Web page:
Both Chute and Webb have become strong advocates for furthering awareness of Alzheimer’s disease and its effects, both on and off campus. While their separate clubs have varying focal points along the research and education spectrum, their mission is the same — help those affected by the disease.

Earlier this month, Webb visited the Iowa General Assembly for Iowa Day at the Hill, where he shared his story with state legislators. Next week, he’ll travel to the U.S. Capitol to meet with members of Congress. The event coincides with the Alzheimer’s Association’s Advocacy Forum 2017, an event expected to draw more than 1,000 to Washington, D.C. to educate attendees and the general public about Alzheimer’s disease research, care, and support services.

“I’m very excited to learn more about what it’s like to advocate and campaign on Capitol Hill,” Webb said. “I’ll learn what I can do as a scientist to continue to make sure that we are speaking up for the people whose voices aren’t being heard.”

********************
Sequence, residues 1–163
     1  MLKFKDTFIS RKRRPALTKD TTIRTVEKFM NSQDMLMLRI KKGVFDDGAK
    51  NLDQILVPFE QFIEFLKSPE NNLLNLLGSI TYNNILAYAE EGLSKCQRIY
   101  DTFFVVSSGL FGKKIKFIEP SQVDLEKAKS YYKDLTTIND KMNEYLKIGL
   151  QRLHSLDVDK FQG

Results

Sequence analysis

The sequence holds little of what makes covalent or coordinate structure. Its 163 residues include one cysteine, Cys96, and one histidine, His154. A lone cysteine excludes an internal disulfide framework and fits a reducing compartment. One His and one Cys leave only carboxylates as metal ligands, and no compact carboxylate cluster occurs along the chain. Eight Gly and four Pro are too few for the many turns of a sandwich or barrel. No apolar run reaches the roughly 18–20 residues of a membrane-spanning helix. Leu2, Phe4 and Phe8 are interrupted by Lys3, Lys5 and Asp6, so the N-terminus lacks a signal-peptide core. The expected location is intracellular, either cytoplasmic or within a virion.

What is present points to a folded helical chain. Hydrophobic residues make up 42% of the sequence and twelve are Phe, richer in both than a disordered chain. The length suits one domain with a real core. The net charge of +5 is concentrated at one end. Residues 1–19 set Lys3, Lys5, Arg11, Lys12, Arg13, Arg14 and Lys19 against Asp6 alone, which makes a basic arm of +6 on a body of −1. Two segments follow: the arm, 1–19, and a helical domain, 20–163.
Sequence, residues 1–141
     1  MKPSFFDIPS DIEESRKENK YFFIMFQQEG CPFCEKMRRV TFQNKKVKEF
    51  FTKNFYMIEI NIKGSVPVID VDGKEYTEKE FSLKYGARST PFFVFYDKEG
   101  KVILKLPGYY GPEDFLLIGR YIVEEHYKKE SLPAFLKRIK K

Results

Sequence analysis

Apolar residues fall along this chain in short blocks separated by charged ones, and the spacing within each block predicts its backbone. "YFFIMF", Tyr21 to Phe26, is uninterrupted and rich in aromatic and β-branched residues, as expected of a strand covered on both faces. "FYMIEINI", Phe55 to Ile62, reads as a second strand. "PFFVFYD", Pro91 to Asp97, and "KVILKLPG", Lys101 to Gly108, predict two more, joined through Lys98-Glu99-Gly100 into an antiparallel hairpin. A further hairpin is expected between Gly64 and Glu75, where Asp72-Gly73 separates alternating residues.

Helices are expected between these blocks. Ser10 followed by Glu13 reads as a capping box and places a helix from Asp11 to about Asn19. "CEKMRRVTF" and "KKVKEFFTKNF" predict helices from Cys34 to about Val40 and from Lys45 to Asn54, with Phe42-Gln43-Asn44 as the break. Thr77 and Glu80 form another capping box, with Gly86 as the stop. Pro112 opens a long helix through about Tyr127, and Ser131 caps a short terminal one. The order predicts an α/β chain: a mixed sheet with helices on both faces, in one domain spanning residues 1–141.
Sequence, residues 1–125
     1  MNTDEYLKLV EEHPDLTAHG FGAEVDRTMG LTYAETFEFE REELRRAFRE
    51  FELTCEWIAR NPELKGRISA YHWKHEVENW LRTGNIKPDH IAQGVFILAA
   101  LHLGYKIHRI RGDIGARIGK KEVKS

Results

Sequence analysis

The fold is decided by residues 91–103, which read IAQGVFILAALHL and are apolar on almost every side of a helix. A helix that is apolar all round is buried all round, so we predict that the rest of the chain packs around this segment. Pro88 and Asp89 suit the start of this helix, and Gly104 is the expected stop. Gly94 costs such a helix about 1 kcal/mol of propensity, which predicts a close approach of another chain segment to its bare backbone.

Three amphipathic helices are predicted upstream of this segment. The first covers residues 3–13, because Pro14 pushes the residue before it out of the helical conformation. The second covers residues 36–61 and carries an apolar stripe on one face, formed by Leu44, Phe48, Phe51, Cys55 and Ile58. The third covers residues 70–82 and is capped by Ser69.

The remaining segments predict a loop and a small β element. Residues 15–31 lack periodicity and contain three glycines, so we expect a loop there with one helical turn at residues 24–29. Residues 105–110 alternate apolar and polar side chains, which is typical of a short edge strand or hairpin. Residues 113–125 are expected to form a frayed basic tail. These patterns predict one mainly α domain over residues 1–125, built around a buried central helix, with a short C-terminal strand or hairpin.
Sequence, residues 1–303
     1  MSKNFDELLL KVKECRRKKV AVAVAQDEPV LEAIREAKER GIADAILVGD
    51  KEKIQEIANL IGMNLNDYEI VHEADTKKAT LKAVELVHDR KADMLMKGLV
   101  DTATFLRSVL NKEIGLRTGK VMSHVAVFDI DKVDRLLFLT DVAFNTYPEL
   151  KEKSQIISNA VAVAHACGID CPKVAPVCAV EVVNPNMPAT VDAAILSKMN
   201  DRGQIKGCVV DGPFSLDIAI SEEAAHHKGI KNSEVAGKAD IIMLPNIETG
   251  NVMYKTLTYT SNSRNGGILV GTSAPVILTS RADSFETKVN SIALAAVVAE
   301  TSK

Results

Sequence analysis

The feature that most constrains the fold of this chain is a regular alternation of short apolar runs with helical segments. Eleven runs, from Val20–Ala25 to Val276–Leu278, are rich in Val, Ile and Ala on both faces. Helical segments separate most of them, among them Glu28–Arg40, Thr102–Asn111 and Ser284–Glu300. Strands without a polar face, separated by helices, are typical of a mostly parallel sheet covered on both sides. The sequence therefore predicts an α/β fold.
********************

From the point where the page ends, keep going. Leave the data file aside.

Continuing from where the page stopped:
Then from 11 a.m. to 3 p.m. on April 19, Chute and her fellow club members will host the Raise Your Voice For Care event in the Memorial Union Great Hall on Iowa State’s campus. The event will include a full day of free seminars and activities geared toward raising awareness of Alzheimer’s disease and dementia. A concert will immediately follow the event.

“AFA has chosen our club to host the annual event,” Kruger said. “One club is chosen each year, so it is exciting we were chosen during our first year as a club. The event has provided great leadership opportunities for our students. They are involved in planning, advertising, and implementing the event.”

Research paired with engagement
In addition to their Alzheimer’s awareness efforts, students such as Webb are also involved in cutting-edge Alzheimer’s disease research, working alongside Auriel Willette, an assistant professor in food science and human nutrition. Willette also advises the Advocates for the Alzheimer’s Association Club and has shared his research at AFA On Campus club meetings.

“Actions we take right now on a day-to-day basis, whether or not we see the long-term outcome, have a long-term effect on our brain,” Webb said. “In our lab, we seek to understand how metabolism or diseases like diabetes or obesity lead to detrimental changes in the brain.”

For Chute, this research provides hope.

“An important part of providing hope is to keep up with current research and news surrounding Alzheimer’s disease,” she said. “Knowing about the advancements being made toward a cure for Alzheimer’s allows us to remain hopeful.”